Washington University Global Studies Law Review
On October 25, 1946, three weeks after the International Military Tribunal at Nuremberg entered its verdicts, the United States established Military Tribunal I for the trial of twenty-three Nazi physicians. The charges, delivered by Brigadier General Telford Taylor on December 9, 1946, form a seminal chapter in the history of medical ethics and, specifically, medical ethics in war. The list of noxious experiments conducted on civilians and prisons of war, and condemned by the Tribunal as war crimes and as crimes against humanity, is by now more or less familiar. That list included: high-altitude experiments; freezing experiments; malaria experiments; sulfanilamide experiments; bone, muscle, and nerve regeneration and bone transplantation experiments; sea water experiments; jaundice and spotted fever experiments; sterilization experiments; experiments with poison and with incendiary bombs.
What remains less familiar is the moral mindset of doctors and health care workers who plied their medical skill for morally questionable uses in war. In his 1981 work, The Nazi Doctors, Robert Jay Lifton took up that question, interviewing doctors, many of whom for forty years continued to distance themselves psychologically from their deeds.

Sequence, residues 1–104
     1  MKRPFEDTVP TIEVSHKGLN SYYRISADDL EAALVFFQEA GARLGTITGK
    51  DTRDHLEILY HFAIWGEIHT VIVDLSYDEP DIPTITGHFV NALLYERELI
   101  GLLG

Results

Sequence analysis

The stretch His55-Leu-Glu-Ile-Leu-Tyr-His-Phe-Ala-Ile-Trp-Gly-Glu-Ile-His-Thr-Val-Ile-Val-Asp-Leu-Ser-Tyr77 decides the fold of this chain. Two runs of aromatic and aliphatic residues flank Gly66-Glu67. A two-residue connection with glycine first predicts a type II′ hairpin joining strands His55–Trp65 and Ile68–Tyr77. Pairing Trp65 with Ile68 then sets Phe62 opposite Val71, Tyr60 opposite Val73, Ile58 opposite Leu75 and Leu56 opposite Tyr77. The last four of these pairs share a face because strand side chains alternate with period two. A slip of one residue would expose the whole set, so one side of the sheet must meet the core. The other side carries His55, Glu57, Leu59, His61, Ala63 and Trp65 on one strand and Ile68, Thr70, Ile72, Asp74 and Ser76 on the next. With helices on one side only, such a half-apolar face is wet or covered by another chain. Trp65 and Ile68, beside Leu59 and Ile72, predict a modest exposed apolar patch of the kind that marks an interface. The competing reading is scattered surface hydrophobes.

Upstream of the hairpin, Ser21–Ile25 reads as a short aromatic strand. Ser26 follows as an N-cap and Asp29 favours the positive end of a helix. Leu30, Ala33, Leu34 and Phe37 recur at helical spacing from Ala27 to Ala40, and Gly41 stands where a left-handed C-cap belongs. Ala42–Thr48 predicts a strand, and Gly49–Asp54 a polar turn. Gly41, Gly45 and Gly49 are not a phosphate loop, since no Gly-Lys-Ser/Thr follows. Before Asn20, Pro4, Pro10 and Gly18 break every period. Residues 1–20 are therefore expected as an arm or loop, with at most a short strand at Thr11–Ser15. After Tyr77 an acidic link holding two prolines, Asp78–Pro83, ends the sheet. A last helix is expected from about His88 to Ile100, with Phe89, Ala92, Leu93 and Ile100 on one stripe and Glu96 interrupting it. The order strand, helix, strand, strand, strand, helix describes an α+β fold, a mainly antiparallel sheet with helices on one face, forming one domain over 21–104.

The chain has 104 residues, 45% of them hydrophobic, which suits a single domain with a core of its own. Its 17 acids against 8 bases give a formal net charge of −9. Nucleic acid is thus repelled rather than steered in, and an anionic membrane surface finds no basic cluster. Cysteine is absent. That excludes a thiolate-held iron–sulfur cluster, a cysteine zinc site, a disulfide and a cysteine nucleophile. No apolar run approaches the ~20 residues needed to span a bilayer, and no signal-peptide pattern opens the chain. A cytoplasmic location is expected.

The questions about moral distancing Lifton raised (though not the questions about criminal experiments) have immediate urgency for us now. Military medical doctors, psychiatrists and psychologists serve in U.S. military prisons in Guantánamo, Abu Ghraib, Kandahar, and, until very recently, in undisclosed CIA operated facilities around the world where medical ethics are again at issue. Moreover, they serve in top positions in the Pentagon, as civilian and military heads of command, who pass orders and regulations to military doctors in the field, and who are in charge of the health of enemy combatants, as well as U.S. soldiers. Because we recently marked the sixtieth anniversary of the judgment at Nuremberg, I want to awaken our collective memory to the ways in which doctors in war, even in a war very different from the one the Nazis fought, can insulate themselves from their moral and professional consciences.
From Nuremberg to Guantánamo: Medical Ethics Then and Now,
Wash. U. Global Stud. L. Rev.